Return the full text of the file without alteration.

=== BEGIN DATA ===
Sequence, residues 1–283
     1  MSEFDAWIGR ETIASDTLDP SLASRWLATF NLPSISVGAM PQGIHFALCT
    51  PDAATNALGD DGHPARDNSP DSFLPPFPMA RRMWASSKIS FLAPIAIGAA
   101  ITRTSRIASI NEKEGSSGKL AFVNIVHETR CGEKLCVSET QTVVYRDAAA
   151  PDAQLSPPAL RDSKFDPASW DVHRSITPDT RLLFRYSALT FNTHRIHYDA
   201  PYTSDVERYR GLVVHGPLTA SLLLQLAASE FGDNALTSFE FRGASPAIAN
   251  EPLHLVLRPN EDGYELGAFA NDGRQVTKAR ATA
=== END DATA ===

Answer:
Sequence, residues 1–283
     1  MSEFDAWIGR ETIASDTLDP SLASRWLATF NLPSISVGAM PQGIHFALCT
    51  PDAATNALGD DGHPARDNSP DSFLPPFPMA RRMWASSKIS FLAPIAIGAA
   101  ITRTSRIASI NEKEGSSGKL AFVNIVHETR CGEKLCVSET QTVVYRDAAA
   151  PDAQLSPPAL RDSKFDPASW DVHRSITPDT RLLFRYSALT FNTHRIHYDA
   201  PYTSDVERYR GLVVHGPLTA SLLLQLAASE FGDNALTSFE FRGASPAIAN
   251  EPLHLVLRPN EDGYELGAFA NDGRQVTKAR ATA